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Producer's notebook: Inside the Conrad Murray trial

The OJ Simpson trial was so last century. I know; I was there covering it. So, when some people started talking about the trial of Michael Jackson’s doctor as this century’s first “Trial of the Century,” I knew I had to see for myself.
/ Source: TODAY.com

The OJ Simpson trial was so last century. I know; I was there covering it. So, when some people started talking about the trial of Michael Jackson’s doctor as this century’s first “Trial of the Century,” I knew I had to see for myself. Here’s my verdict: Despite some similarities, The People of the State of California versus Conrad Murray is not going to be a trial of the century.

The OJ Simpson murder trial was a perfect storm of issues: celebrity, race, money, gender, police procedure — and that’s not even bringing up the cast of characters of the “Dream Team” defense lawyers versus the out-manned prosecutors, Lance Ito (and Jay Leno’s Dancing Itos, the bounced jurors, the celebrity trial watchers and the glove that didn’t fit). The daily televised twists and turns turned the criminal trial into a national obsession.

But for us courtroom watchers, the Conrad Murray trial is holding its own. You’ve probably caught the newsworthy moments that are being capably covered by correspondent Jeff Rossen and a legal team of Savannah Guthrie and Star Jones (nick-named Star-vannah).

While I can’t do a better job of covering the story than they can, they can’t waste their time on the less important aspects of the trial. Like, what happens if you chew gum in court?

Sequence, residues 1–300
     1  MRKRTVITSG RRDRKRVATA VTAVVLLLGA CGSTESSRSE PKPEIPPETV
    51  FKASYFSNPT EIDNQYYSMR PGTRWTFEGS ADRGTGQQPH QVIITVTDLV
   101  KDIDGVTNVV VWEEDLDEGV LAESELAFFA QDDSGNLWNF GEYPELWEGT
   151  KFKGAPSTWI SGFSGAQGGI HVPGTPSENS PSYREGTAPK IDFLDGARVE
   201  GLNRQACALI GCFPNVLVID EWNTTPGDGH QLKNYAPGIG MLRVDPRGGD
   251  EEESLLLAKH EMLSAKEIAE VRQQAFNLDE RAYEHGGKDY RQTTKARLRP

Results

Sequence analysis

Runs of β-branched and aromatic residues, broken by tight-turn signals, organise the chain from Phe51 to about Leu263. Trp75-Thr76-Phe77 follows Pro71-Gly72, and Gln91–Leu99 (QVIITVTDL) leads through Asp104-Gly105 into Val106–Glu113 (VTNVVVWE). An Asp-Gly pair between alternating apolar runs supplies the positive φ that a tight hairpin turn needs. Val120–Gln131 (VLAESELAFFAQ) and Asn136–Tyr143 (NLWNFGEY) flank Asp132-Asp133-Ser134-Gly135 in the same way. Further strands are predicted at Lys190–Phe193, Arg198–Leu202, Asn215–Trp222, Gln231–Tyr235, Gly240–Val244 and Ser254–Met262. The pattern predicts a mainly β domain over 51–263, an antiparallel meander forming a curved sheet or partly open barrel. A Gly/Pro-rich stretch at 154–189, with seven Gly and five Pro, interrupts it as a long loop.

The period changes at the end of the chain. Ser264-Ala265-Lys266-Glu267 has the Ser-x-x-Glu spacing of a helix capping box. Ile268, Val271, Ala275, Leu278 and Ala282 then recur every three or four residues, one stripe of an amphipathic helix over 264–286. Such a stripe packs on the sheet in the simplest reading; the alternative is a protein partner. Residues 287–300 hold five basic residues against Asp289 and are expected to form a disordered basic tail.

I spent the afternoon of Day 2 in court. Just to get there, you go through two sets of security — one in the lobby and another screening on the 9th floor where the courtroom is. (No food or beverages on the conveyor belt please!).

As a citizen of this fair county I have sat in that hallway. I sure don’t remember the dozen or so flyers hanging on the way with the admonition: No Cell Phones! No Transmitting from Court! Just in case, it’s also got the international sign for hang up your cell phone — a big red circle with a shish-kabobed phone. Of course on day three someone’s ringer went off in court and Judge Pastor now has a new phone.

Hanging in the hallway was an entourage of Jackson fans; many dressed appropriately, or inappropriately — depending on your point of view. There was a guy with a silver sequined cape. A woman — at least I think it was a woman — was made-up to look like Michael dressed in a black fedora, black loafers, a black jacket and black pants hemmed high enough to reveal her white socks. I expected her to start moonwalking. Another very petite man looked like a cross between Michael Jackson and Sammy Davis Junior. A woman was wearing a red military jacket with gold braids and epaulets. Since the judge has banned all outfits evoking Michael Jackson, I knew these folks were going to spend a frustrating afternoon as hall monitors.

The daily winners of the “public seats” all have pink badges pinned to their shirts and jackets. They got their seats by lining up about 7 AM for an 8:45 start time. But there were just as many pinked tagged fans as those just lounging around the hallway.